From Wikipedia, the free encyclopedia - View original article
|This article needs additional citations for verification. (January 2008)|
|Part of the common law series|
|Estates in land|
|Future use control|
|Other common law areas|
A partition is a term used in the law of real property to describe an act, by a court order or otherwise, to divide up a concurrent estate into separate portions representing the proportionate interests of the tenants. Under the common law, any tenant who owns an undivided concurrent interest in land can seek such a division. In some cases, the parties agree to a specific division of the land; if they are unable to do so, the court will determine an appropriate division. A sole owner, or several owners, of a piece of land may partition its/their land by entering a Deed poll (sometimes referred to as "carving out").
There are three kinds of partition which can be awarded by court: partition in kind, partition by allotment, and partition by sale. A partition in kind is a division of the property itself among the co-owners. Partition in kind is a default method of property partition. In a partition by allotment, which is not available in all jurisdictions, the court awards full ownership of the land to a single owner or subset of owners, and orders them to pay the person or persons divested of ownership for the interest awarded. Partition by sale constitutes a forced sale of the land, followed by division of the profits thus realized among the tenants. Generally, the court is supposed to order a partition sale only if the land cannot be physically divided, although this determination often rests on whether the economic value of the divided pieces is less in the aggregate than the value of the parcel as a single piece. See Delfino v. Vealencis, 436 A.2d 27 (Conn. 1980).
A provision in a deed completely prohibiting partition will not be given effect, but courts will enforce a provision that temporarily restricts partition, as long as the restriction is reasonable.
The Ontario Partition Act, R.S.O. 1990, c. P.4, states:
Florida provides for partition actions by statute, which basically provides that any co-owner of real estate may seek partition. In Florida, there are basically no defenses to a partition action, other than if the parties have agreed not to partition the real estate.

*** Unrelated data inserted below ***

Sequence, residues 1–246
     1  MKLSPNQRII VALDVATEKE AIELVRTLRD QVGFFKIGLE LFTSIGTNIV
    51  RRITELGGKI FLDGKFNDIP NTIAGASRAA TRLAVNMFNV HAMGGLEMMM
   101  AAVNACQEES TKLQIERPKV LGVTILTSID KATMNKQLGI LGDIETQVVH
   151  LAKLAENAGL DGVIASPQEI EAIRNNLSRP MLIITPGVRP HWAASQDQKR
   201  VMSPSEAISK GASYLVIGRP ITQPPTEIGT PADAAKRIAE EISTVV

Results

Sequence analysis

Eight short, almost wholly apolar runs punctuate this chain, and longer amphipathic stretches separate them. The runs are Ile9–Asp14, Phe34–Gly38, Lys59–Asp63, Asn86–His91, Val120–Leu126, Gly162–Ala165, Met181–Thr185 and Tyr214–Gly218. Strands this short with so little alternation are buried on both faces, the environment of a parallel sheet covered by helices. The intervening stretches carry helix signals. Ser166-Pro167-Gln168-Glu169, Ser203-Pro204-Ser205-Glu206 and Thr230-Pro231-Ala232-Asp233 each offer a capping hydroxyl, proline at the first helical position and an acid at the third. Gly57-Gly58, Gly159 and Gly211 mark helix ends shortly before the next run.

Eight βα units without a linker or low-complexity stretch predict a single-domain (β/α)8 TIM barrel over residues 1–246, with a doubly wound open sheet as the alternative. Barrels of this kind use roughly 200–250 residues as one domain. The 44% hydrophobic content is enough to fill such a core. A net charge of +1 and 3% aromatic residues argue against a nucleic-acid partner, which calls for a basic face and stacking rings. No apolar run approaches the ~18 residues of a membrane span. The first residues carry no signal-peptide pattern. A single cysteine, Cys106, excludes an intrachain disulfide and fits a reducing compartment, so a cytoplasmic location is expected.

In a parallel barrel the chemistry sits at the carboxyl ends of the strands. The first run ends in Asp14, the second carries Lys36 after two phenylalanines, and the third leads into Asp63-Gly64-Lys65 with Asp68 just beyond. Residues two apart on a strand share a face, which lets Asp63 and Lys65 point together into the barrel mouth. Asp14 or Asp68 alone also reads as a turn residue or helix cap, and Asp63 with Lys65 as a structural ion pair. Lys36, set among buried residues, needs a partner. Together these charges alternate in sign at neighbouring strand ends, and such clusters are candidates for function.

-- Property divided under Rule 1560(a) shall be awarded to the parties according to their respective interests.
-- A master who is appointed by the court shall make such examinations and hold such hearings as may be necessary, giving reasonable notice thereof. The master may employ appraisers and, with the authorization of the court, such other experts as are necessary to enable the master to perform his or her duties.
—The court shall permit the shares of any two or more co-tenants to remain undivided between them if they so elect by writing filed within such time as the court or master shall direct. —Parties defendant owning a majority in value of the property may object in writing to any sale, requesting that the property be awarded to them at its valuation fixed by the court and that their interests in the same remain undivided. Upon such request the entire property shall be awarded to the parties objecting to sale, as tenants in common, subject to payment to the parties desiring partition and sale of the amounts of their respective interests based upon the valuation. The amounts due the parties shall be charged as liens upon the property, to be paid in such manner and time as the court shall direct.
Partition Example: In D’Arcy v. Buckley, 71 Bucks Co. L. Rep. 167 (1997), two persons purchased property as joint tenants with right of survivorship. The Plaintiff contributed five times more than the Defendant toward the purchase price. In a partition action, the Plaintiff sought credit for the full amount of his superior contributions. The Court held that, in the absence of fraud, the working of the deed operated to convey a one-half interest to each of the two joint tenants. The decision relies the authorities of Masgai v. Masgai, 460 Pa. 453, 333 A.2d 861 (1975) and DeLoatch v. Murphy, 369 Pa. Super. 255, 535 A.2d 146 (1987). The Plaintiff argued, to no avail, that he did not intend to make a lifetime gift to defendant.